Grand County (Utah) Commission hosted a public hearing regarding the proposal of a glampground to be located near the junction of Highway 191 and State Route 313.
According to a report, the proposed project called “Entrada Moab” would require the commission to accept the application for the Overnight Accommodations Overlay to the property of 544 acres.
It is currently zoned as Range and Grazing and is bordered by Bureau of Land Management property, primarily employed for leisure.
Entrada Camps and Conservation, the applicant, is under contract to purchase the property from Intrepid Potash mining company if the overlay is approved.
The description of the project defines it as a luxury eco-retreat centered on environmentally responsible tourism. It will comprise 16 tent sites, an activity center including a spa, swimming pools, and a panoramic deck and trails.
At a site plan review, the applicant would have to provide a public water source; the wastewater would be treated onsite with the Orenco brand system.
According to the applicant, accommodations will start at $2,000 per night.
The letter, which ECC Managing Director Matt Kareus signed, also states that he founded Entrada Camps and Conservation to bring a new model of low impact, high-value sustainable tourism to the American West, beginning in Grand County and that he has seen firsthand how thoughtful, well-managed tourism can provide substantive economic benefits to local communities and people. He also added that it could be a powerful force for the conservation and protection of the natural world.
The developers have stated that they plan to put the majority of the property in a conservation easement to protect open spaces in the Scenic Resource Protection District along the North Highway 191 corridor. The developed areas will be hidden from view from the highway.
“Our intention is to preserve as much land as possible from development–from current development, from future development,” Kareus said.
Grand County resident John Weisheit, who is the Colorado Riverkeeper of the non-profit Living Rivers, asked applicants if they’d spoken with the staff of the National Park Service about how the development would affect groundwater needed for an ecosystem in the Arches National Park.
“We have been working with a hydrologist that’s been involved in drilling a lot of the wells in the area, recently and in years past, and he assures us that we won’t run into conflict with the Arches protection zone,” Kareus said, adding that they will address the matter with the park service at some point.
Weisheit urged Kareus to contact the BLM to ask about areas of critical concern that could be affected and also suggested that he drill a monitoring well to ensure that water withdrawals aren’t affecting other water users.
“The entire Colorado River Basin is in a shortage situation right now where we don’t have any more water to spare, quite frankly,” Weisheit said. “So we have to think about these things. We have to think about long-term resiliency and sustainability.”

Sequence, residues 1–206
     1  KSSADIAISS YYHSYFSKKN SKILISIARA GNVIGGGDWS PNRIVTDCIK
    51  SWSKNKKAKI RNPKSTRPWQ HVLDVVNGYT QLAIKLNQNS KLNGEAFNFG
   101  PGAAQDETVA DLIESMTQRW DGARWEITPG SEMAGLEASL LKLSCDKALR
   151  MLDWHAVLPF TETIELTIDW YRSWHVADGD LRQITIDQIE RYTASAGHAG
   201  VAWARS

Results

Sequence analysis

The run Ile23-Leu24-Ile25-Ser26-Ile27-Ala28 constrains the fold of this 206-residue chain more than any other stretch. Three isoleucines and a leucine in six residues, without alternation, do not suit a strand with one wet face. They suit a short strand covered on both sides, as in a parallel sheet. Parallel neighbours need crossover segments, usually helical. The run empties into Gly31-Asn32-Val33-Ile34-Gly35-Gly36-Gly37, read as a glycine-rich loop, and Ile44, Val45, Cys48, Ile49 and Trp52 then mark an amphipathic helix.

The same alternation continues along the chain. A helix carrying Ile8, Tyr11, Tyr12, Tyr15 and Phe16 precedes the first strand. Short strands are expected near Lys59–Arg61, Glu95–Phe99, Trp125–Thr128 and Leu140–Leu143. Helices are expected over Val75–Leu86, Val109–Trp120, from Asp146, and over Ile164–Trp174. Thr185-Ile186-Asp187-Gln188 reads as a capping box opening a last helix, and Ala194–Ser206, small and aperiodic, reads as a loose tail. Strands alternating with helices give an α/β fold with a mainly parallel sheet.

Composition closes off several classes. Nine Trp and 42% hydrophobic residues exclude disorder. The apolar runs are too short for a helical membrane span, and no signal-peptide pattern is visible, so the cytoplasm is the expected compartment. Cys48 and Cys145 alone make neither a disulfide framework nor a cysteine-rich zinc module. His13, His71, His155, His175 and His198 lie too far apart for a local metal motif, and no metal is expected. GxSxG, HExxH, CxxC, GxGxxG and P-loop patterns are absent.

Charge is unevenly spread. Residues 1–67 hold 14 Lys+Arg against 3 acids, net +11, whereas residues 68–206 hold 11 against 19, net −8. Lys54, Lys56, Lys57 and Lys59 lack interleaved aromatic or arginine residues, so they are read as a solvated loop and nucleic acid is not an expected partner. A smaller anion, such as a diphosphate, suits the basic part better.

Kareus explained that the company is talking with a hydrologist to develop a water management plan, with sustainability as a top priority.
The neighboring property owner Brian Hayes also called in to the meeting to endorse the proposal, saying he prefers the proposal to other kinds of development that could otherwise happen on the property.
“Rather than having, in the future, potentially numerous second homes or other developments, we think this is a good opportunity to protect the land as open space, to protect the viewshed,” Hayes said.
Commissioner Kevin Walker noted that any type of overnight accommodations development is a delicate issue and requested more details on how the commission can ensure that the developer will follow the word on its promises regarding conservation and open space.
Grand County Associate Planner Elissa Martin said that the agreement for development would legally restrict the applicant to the requested 16 units.
Due to how ordinances are written and drafted, the conservation easement and future employee housing cannot be included in the agreement.
Kareus declared that if there was an option to bind the terms legally, he was prepared to adhere to them.
The Grand County Planning Commission recommended that the commission approve the request subject to the requirement that six deed-restricted employees housing units are included in the master plan. However, the language of the OAO doesn’t permit the housing needs of employees to be included within the agreement for development.
County Attorney Christina Sloan recommended that the commission decline the request because the county is currently undertaking a study of RV and campground zones.
She suggests that the county refuse all RV and campground OAO Rezone requests until amendments to that zone in the land-use code can be made, and a carrying capacity study can be done.
The public hearing on the proposal is open until February 9.
Comments can be e-mailed to the commission at email@example.com.
The commission will decide on the proposal at a future meeting.